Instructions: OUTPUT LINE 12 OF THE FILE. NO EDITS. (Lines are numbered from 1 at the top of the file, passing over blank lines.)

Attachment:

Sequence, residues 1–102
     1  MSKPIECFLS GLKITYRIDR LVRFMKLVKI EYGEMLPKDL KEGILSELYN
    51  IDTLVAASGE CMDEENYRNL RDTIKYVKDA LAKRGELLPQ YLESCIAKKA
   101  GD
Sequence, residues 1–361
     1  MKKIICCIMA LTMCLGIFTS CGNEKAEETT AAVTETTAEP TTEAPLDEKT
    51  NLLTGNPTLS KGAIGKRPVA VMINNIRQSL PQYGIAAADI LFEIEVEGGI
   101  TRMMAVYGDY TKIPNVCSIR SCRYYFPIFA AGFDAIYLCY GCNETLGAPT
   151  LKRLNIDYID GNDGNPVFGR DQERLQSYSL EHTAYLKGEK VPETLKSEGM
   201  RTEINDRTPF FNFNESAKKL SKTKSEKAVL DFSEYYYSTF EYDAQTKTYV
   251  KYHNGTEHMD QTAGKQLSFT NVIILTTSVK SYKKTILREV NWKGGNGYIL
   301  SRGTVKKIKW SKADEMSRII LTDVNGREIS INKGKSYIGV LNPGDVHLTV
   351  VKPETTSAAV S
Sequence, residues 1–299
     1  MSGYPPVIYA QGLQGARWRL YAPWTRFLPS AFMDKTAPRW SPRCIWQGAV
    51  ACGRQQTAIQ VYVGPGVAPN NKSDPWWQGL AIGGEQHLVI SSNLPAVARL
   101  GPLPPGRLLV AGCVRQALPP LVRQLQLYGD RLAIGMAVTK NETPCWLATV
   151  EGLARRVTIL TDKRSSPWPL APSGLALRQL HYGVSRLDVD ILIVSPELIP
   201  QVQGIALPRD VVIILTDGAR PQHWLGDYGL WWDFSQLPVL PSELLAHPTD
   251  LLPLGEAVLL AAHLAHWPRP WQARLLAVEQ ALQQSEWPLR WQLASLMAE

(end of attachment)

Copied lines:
   301  SRGTVKKIKW SKADEMSRII LTDVNGREIS INKGKSYIGV LNPGDVHLTV